If you've just opened Obsidian, you'll see two documents here. The one in the left pane is a text file, which you can edit using Markdown syntax. The one in the right pane is a Preview of the same text file if you were to export it as HTML, or as a PDF document. Note that some things look different in Preview, and, most obviously, links are not in brackets. To follow a link, click on it in the Preview pane. You can follow links in the Editor pane as well, by holding down
Ctrl/Cmd and clicking on the link. If you want to go back to the page you were on before, use the shortcut
Alternatively, the notes that link to the one you're currently on will be shown in the Backlinks Panel on the right (find more about Backlinks [[Backlinks|here.]])
If you get lost at any time, or just want to explore what else Obsidian can do,
Ctrl/Cmd-P brings up the Command Palette. You can type commands there, like "Navigate back", and you'll see options filter to a short list, along with hotkey shortcuts if they have them.
At base, Obsidian is a tool for working with a bunch of markdown files that are stored on your computer. If you're not familiar with markdown, it's just plain text with some formatting that makes it powerful (for more on that, see [[Format your notes|Markdown]]) . As a result, if you want to use obsidian for keeping regular notes on just about anything, it will work great.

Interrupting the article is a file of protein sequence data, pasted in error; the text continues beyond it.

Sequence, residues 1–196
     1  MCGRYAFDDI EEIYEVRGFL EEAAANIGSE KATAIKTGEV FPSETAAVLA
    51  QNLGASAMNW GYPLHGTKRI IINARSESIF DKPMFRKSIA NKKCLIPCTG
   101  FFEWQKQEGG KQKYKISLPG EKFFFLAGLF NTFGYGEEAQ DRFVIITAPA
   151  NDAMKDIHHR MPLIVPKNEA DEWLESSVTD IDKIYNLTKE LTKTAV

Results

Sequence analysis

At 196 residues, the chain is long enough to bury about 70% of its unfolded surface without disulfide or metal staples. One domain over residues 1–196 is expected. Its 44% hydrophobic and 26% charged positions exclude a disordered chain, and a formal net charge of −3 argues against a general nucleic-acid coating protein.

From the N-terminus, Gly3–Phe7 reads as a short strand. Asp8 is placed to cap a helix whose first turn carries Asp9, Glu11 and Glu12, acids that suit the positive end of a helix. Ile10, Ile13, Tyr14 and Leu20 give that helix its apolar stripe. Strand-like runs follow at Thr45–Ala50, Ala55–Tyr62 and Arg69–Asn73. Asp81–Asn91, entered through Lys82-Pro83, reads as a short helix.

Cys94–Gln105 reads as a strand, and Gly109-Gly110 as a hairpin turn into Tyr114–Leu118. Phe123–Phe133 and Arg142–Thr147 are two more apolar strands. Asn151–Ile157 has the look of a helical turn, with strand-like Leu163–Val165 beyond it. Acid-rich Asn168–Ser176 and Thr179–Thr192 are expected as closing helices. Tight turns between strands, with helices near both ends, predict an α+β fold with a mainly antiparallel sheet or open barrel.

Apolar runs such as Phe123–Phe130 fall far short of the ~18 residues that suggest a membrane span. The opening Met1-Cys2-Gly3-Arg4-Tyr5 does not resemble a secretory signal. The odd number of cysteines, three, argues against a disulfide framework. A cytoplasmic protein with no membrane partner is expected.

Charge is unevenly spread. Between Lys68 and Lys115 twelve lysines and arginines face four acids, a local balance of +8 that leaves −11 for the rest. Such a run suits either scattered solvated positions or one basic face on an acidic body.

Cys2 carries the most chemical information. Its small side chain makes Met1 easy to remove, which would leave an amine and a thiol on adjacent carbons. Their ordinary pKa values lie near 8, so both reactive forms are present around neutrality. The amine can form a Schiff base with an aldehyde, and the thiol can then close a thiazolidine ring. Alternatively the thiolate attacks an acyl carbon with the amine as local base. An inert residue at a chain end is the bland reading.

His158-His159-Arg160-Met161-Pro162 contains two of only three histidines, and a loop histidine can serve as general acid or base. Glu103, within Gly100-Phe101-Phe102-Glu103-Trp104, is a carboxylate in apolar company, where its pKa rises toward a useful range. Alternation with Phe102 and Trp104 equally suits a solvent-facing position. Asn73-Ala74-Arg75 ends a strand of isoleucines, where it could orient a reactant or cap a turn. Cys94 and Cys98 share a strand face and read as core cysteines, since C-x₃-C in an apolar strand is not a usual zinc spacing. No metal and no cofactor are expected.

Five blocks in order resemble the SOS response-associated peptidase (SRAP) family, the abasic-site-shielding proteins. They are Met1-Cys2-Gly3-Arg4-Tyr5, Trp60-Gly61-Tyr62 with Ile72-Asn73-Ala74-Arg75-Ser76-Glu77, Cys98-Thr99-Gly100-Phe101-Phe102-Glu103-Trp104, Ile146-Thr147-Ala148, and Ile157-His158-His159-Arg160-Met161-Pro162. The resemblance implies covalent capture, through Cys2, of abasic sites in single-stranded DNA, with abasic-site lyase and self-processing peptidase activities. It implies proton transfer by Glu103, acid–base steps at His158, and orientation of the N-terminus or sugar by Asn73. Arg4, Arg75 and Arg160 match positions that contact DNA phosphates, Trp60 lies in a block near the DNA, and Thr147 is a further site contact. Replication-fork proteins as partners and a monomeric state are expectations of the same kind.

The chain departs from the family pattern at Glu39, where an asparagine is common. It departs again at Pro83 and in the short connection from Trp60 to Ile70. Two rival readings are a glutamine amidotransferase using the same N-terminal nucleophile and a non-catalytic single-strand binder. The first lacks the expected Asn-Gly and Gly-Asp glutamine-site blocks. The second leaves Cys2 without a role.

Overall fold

Let's say you want to write a note about your favorite band. Just type the name of the note surrounded by two square brackets, like
[[My Favorite Band]]
Try it here (make sure you're typing in the Editor pane):
You'll notice that the text and the brackets turn blue. That means it's a link now. Click on that link in the Preview (or
Cmd-click in the Editor), and you'll see a blank note. Write whatever you want there, and when you're done, come back here with
Cmd-alt-left, or by clicking the name of this note ([[Basic note taking]]) in the Backlinks to the right. To learn more about navigating links, see [[Internal link]].
Notice that your new note showed up automatically in the File Explorer to the left. Obsidian automatically creates files when you click a link to a file that does not exist. This means you can
[[write naturally]] about
[[whatever comes to mind]] and then go back and create the new notes at your leisure. This makes Obsidian a fantastic tool for thinking freely in notes without having to worry about where to file them. And if you decide that a title is not what you actually meant, you can change the file name at the top of this window, and Obsidian will automatically update all links to it.
From there, you can make any kind of structure you want. Many people will want to make a
Table of Contents note for listing major groups of notes. You can also use #tags to create categories (if you click that it will show you every note that contains #tags ). Really, the structure you build should be whatever works for you. We suggest you just start with what feels natural. Obsidian is flexible enough that it should be relatively simple to rearrange things later.
If you want an example of a more advanced technique, you might look into the [[Zettelkasten method]].